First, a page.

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first spike in volatility, the vix went sky high and the s&p 500 down to about 2600. then they diverge. we see a reconnection. now we have this big divergence. kevin kelly of benchmark investments says it is clear we will see a reconnection between the vix and the s&p 500. it is tough on timing when you could see sort of a capitulation to the downside, but definitely a chart to keep an eye on for a sign of volatility ahead. vonnie: thank you for that. we will be back to you shortly. still ahead, the legacy of sergio marchionne, fiat chrysler's charismatic leader. this is bloomberg. ♪
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♪ vonnie: live from new york, i'm vonnie quinn. guy: in london, i'm guy johnson.
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this is "bloomberg markets." let's turn our attention to the auto sector. since the death of sergio , our reporter's book -- good morning. hello. i think my memory goes to his words. i just got my book physically into my hands here as we speak. i was reading what he told us in one of the several interviews i had with him. he was essentially driven by one
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obsession, which was making a difference every single day. this obsession he carried on until the end, even if he was seriously sick, and he didn't tell anyone that. vonnie: right. you decided to write this book, having followed and reported on sergio marchionne for many years. he was definitely a bit of an enigmatic man. he didn't tell shareholders, for example, that he was sick. he was also absolutely dead set on making partnerships, and perhaps even a merger, maybe to the extent of not listening to the advice of the other side of things, correct? tommaso: in terms of his illness, as i write in my book, no one outside his family knew he was sick. this included the chairman of
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discoveredssentially that he was never going to come back at work once he went for the second time at the zurich hospital. to get intollowed the intensive care unit for privacy reasons. the second time, he understood immediately that marchionne was never going to come back. on the other, marconi had one big regret. this was clearly the fact he didn't pursue until the end a merger with general motors. guy: i was going to ask, what did he leave on the table? what is there left to do for his successor? he created some pretty big companies. fiat chrysler is the one that stands out. he loved deals. he loved playing poker. i am wondering what is the last hand he could've played. the g.m. deal looks like a deal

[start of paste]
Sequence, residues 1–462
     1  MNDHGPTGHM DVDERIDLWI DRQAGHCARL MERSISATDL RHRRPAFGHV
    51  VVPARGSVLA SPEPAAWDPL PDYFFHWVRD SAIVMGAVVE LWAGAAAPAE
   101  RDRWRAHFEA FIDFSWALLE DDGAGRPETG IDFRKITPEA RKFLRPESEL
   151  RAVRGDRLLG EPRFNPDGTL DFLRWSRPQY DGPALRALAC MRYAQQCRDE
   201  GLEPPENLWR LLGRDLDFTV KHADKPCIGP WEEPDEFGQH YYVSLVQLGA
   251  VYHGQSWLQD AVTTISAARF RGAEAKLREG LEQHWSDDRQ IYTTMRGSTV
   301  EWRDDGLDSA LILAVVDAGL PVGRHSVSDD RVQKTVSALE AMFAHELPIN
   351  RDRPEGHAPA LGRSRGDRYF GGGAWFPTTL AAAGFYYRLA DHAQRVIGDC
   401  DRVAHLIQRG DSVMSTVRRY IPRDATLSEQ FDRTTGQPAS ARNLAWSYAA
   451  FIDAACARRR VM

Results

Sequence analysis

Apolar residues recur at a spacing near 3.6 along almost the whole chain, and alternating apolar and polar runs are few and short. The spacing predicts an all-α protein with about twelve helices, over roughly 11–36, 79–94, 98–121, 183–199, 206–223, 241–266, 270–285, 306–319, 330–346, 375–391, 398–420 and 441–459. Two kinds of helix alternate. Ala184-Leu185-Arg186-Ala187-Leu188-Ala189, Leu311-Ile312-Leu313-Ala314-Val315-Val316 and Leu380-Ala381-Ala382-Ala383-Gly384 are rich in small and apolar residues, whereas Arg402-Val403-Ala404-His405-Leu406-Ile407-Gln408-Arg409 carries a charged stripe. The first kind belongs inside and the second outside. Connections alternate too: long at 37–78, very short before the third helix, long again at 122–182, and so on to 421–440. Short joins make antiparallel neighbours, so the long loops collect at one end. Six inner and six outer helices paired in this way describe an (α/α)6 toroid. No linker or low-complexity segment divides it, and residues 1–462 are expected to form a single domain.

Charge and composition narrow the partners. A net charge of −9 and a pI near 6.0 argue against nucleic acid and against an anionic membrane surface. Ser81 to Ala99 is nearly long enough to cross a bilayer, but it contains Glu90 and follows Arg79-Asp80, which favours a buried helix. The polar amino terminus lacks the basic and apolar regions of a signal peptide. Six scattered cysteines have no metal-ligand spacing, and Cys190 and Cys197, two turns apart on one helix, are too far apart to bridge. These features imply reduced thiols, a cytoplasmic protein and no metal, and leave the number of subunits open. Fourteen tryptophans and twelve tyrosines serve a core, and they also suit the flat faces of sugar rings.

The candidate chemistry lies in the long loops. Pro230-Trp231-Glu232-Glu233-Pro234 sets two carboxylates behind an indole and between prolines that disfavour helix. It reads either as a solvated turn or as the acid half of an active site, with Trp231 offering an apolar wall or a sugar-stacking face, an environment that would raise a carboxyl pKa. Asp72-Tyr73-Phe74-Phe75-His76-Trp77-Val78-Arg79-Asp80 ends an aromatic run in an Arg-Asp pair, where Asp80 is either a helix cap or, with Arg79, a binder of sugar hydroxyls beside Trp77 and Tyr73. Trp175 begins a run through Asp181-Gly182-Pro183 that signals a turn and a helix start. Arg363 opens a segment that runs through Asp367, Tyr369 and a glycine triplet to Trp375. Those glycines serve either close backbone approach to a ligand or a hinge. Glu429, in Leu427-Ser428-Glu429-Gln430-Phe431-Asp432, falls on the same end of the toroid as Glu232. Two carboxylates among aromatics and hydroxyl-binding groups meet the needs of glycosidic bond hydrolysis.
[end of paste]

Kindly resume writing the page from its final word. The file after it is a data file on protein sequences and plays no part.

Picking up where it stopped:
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too far. no one was interested, so what was left? tommaso: this is true, and that is what warren buffett said in 2015 as marchionne was considering going hostile. priced a hostile bid for general motors, but conditions were not there for such an attack. clearly the auto industry is rapidly changing. there is this disruption coming from technology. m&a is going to come. fiat chrysler has never been so strong, but is it strong enough to survive the tech disruption? vonnie: you say you may have been obsessed from time to time with sergio marchionne as a leader.
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what makes him different from other leaders? right wordthink the to use is obsession. he was obsessed by his job and the fact that he had to fix first fiat, and then fiat chrysler, before leaving. he told me in a long interview did not before -- that the night before his last detroit auto show, he wanted to leave fiat chrysler strong enough to survive. guy: looking forward to reading the book. chieferg's milan bureau on sergio marchionne. this is bloomberg. ♪